Canada saw their second commemorative dollar when the King and Queen embarked on their first-ever Royal tour of Canada in 1939, just months before the outbreak of hostilities in Europe that would result in the Second World War. The year 1948 saw the British Monarch lose the designation of “Emperor of India,” a change that was reflected on coinage of the British Empire and homeland issues when the legend IND IMP was removed. In 1949, with the incorporation of Newfoundland into the Canadian confederation, a new commemorative dollar depicting a view of The Matthew, the ship on which John Cabot sailed on his voyage to Newfoundland in 1497; this coin was designed by Thomas Shingles, then chief engraver of the Royal Canadian Mint.
In 1953 a bust of a youthful Elizabeth II wearing a laurel wreath and designed by British artist Mary Gillick replaced the effigy of George VI. The more notable changes for Canada’s coinage came in 1965 with a new effigy of the Queen, an iconic and graceful portrait created by Arnold Machin of the United Kingdom. This was the first of three portraits of the Queen to be used to date. In 1965 a draped, mature bust of the queen wearing a tiara was introduced, and in 1990 this was replaced by the crowned effigy, designed by Dora de Pédery-Hunt, in use until 2003.
More notable changes occurred with newly commissioned one-year-only reverse designs undertaken for Canada’s centennial anniversary of Confederation in 1967. The circulation coins from the dollar to the cent were redesigned by internationally renowned artist Alexander Colville (1920–2013) and were considered some of the best numismatic designs for their time. The depictions of Canadian wildlife of a rock dove on the 1-cent coin, a rabbit on the 5-cent coin, a mackerel on the 10-cent coin, a lynx on the 25-cent coin, a wolf on the 50-cent coin, and a goose on the 1-dollar coin were simple, unencumbered designs with a solid and plain background that enhanced their detailed images perfectly.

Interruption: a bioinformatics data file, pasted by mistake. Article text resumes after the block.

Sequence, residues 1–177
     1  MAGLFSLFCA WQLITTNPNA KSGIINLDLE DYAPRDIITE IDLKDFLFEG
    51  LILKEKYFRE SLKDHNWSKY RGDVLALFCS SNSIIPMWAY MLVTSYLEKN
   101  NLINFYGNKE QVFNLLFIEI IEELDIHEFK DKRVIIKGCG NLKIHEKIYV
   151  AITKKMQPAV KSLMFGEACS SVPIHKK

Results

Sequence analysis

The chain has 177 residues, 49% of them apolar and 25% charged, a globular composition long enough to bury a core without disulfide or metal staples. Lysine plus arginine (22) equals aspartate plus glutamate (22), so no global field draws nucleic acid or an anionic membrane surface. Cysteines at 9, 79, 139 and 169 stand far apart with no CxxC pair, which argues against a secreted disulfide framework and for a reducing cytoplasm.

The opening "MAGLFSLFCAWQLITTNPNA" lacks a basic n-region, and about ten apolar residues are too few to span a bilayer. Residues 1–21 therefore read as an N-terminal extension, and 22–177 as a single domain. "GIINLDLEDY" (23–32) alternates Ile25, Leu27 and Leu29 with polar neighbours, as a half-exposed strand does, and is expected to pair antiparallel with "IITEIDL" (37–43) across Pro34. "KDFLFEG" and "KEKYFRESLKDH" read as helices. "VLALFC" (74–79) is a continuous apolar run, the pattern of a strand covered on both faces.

In 1987 Canada introduced a new 1-dollar coin, which both replaced the larger nickel piece that had been produced since 1968 and looked to effectively replace the 1-dollar banknote, which was last printed in 1989. The new coin, a smaller, golden-colored piece, was seen as far more practical, and its distinctive 11-sided shape further enhanced its new place in the country’s circulation coins. The reverse design, which depicted a loon swimming on a calm lake, gave the coin its distinctive “loonie” nickname. A $2 coin, which both replaced the next-smallest banknote and introduced the denomination to the coinage for the first time, was undertaken on February 19, 1996. The bimetallic piece, with its golden core and silver-colored ring depicting a polar bear, was colloquially named the “toonie” and has been used for several commemorative designs since its introduction 20 years ago.
In 2012, the Canadian government announced that they would no longer commission the production of one-cent coins, owing to their increased cost and lack of purchasing power. As a result, the last one-cent coin was minted on May 4 of that year, and the distribution of the coin ended in February 2013. Although the coin remained (and remains) legal tender, retailers were encouraged to “round up or down” prices to the nearest five cents.
In preparation of Canada’s celebration of their 150th anniversary of confederation, a design contest was announced to the public for a new, one-year-only series of circulation coins from the $2 to the 5-cent piece (but excluding the 50-cent denomination). Entitled “My Canada, My Inspiration 2017,” the competition was announced in March 2015 and open to all Canadians. With thousands of designs submitted and over a million votes cast for the proposed designs, the winning depictions were announced on November 2, 2016. Each coin’s design was unveiled in the hometown of its designer, and the coins have been produced in Proof and mint sets in time for Christmas 2016. ❑